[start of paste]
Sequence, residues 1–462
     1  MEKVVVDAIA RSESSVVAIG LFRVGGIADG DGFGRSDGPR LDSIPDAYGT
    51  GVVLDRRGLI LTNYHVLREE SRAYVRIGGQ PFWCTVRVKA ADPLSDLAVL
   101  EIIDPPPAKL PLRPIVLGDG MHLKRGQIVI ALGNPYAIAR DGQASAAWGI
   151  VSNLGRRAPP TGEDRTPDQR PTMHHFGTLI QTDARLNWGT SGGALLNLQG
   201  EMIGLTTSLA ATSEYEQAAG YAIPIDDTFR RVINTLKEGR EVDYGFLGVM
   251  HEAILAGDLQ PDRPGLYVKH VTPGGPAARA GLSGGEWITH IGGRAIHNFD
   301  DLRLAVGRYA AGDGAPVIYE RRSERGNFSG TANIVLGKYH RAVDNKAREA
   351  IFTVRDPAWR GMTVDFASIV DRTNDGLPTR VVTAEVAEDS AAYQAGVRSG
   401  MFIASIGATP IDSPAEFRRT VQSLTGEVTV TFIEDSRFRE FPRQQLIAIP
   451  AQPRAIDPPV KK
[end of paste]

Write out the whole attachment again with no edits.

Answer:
Sequence, residues 1–462
     1  MEKVVVDAIA RSESSVVAIG LFRVGGIADG DGFGRSDGPR LDSIPDAYGT
    51  GVVLDRRGLI LTNYHVLREE SRAYVRIGGQ PFWCTVRVKA ADPLSDLAVL
   101  EIIDPPPAKL PLRPIVLGDG MHLKRGQIVI ALGNPYAIAR DGQASAAWGI
   151  VSNLGRRAPP TGEDRTPDQR PTMHHFGTLI QTDARLNWGT SGGALLNLQG
   201  EMIGLTTSLA ATSEYEQAAG YAIPIDDTFR RVINTLKEGR EVDYGFLGVM
   251  HEAILAGDLQ PDRPGLYVKH VTPGGPAARA GLSGGEWITH IGGRAIHNFD
   301  DLRLAVGRYA AGDGAPVIYE RRSERGNFSG TANIVLGKYH RAVDNKAREA
   351  IFTVRDPAWR GMTVDFASIV DRTNDGLPTR VVTAEVAEDS AAYQAGVRSG
   401  MFIASIGATP IDSPAEFRRT VQSLTGEVTV TFIEDSRFRE FPRQQLIAIP
   451  AQPRAIDPPV KK